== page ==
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Being a Passive Business Owner
By Jason Watson, CPA
Posted Monday, October 23, 2023
This is aimed at business owners where they no longer materially participate in the business activity, and as such they are now considered passive investors. Seems easy right, but why would you care? For two big reasons- first, if you have other non-deductible passive losses due to income limitations, such as those from a rental property, you can now have your passive income absorb these passive losses. This allows you to enjoy your tax benefits now rather than delaying the pleasure to future years. Yay!
Second, you might be able to only draw distributions from your business rather than earned income (i.e., reasonable shareholder salary) + distributions. This saves you several thousands of dollars in avoided Social Security and Medicare taxes. Every $10,000 in owner salary is about $1,500 in payroll taxes. Yay again!
The world is always trending towards harmony, so here are the passive business owner downsides. It is difficult to claim passive business owner given the material participation tests. The hardest one to overcome is #5. Here is a blurb from our Real Estate Professional webpage which is applicable to all business owners, not just real estate related-
5. You materially participated in the activity for any 5 (whether or not consecutive) of the 10 immediately preceding tax years.
IRS Audit Techniques Guide (ATG): An activity is non-passive if the taxpayer would have been treated as materially participating in any 5 of the previous 10 years (whether or not consecutive). This test usually applies when a taxpayer “retires from material participation” but maintains an ownership interest in the activity. Yikes (emphasis added).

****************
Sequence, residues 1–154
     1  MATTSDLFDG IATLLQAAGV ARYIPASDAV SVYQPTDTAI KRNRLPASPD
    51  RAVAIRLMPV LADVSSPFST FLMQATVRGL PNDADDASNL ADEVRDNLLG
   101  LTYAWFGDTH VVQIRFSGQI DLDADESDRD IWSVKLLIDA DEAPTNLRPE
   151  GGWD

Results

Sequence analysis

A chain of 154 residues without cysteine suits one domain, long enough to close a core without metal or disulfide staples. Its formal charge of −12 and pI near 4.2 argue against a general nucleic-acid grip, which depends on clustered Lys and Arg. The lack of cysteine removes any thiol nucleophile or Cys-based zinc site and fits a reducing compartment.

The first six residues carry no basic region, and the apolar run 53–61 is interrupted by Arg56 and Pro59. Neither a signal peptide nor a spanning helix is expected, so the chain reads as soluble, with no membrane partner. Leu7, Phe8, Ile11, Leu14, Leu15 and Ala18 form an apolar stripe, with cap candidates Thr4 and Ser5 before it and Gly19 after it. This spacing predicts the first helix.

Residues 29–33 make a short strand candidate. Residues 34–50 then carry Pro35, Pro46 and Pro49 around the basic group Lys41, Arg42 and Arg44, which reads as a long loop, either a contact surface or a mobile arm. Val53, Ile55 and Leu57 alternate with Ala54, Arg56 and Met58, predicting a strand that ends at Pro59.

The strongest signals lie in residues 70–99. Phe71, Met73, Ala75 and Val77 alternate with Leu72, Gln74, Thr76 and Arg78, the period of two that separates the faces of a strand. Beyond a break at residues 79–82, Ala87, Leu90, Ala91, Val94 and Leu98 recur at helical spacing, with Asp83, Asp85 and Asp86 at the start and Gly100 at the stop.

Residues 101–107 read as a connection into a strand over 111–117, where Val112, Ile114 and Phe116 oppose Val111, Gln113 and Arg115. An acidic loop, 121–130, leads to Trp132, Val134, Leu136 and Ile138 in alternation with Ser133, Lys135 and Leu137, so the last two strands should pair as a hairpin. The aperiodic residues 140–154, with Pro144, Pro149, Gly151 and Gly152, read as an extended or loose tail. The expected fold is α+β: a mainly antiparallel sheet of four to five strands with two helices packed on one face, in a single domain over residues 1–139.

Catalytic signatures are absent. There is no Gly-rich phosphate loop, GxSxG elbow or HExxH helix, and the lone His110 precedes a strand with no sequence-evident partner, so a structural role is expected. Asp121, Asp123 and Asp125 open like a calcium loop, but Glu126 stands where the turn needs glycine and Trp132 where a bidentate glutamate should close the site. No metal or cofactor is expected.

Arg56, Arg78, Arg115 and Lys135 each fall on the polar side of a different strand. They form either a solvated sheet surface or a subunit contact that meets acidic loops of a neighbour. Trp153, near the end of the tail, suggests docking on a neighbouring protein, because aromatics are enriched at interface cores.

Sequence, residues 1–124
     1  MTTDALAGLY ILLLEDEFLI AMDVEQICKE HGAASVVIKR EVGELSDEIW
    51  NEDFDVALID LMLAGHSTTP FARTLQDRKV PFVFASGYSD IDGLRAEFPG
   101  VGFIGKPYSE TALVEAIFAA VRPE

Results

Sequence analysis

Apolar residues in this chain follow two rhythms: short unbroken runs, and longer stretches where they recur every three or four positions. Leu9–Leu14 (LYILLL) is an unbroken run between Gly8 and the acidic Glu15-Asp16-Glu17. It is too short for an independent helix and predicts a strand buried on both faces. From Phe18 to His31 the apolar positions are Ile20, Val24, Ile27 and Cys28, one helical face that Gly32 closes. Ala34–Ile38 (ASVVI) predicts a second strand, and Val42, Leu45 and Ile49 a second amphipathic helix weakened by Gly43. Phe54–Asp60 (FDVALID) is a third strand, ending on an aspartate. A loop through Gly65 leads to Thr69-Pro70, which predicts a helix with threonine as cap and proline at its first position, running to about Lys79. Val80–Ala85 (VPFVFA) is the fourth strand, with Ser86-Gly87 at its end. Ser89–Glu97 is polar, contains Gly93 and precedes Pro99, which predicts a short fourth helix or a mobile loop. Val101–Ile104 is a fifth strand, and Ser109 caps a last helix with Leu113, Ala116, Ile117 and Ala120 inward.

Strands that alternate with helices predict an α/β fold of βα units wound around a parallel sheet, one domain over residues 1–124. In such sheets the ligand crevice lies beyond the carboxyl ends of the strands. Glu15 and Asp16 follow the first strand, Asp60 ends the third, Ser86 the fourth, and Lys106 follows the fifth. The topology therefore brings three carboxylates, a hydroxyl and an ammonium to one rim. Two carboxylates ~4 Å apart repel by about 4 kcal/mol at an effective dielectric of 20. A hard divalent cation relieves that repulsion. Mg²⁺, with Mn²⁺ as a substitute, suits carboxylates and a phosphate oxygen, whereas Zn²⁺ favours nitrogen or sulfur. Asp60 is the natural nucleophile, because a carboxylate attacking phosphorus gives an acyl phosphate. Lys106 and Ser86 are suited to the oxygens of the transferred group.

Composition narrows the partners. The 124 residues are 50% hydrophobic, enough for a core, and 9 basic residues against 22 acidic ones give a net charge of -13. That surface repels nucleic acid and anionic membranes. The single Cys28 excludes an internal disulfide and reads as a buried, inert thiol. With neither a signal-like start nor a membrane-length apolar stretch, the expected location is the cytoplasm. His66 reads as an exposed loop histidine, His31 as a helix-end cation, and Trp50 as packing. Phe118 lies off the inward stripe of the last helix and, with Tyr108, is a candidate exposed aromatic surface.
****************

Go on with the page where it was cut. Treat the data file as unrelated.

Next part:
IRS Examination Techniques: Even if the taxpayer performs no services for a business currently, the examiner should inquire about involvement in prior years and review the returns to see if income or losses were treated as non-passive.
In other words, you need to look back for 10 years and if 5 of those years had material participation by you in the business activity (as defined by the IRS and Treasury Regs), then the IRS will disallow your passive claim. Could you start a brand-new business without the history? Perhaps, but this might be viewed as an end-around especially if the new business magically looks, walks, talks and smells like the old. Transitioning from material participation to passive is certainly tough!
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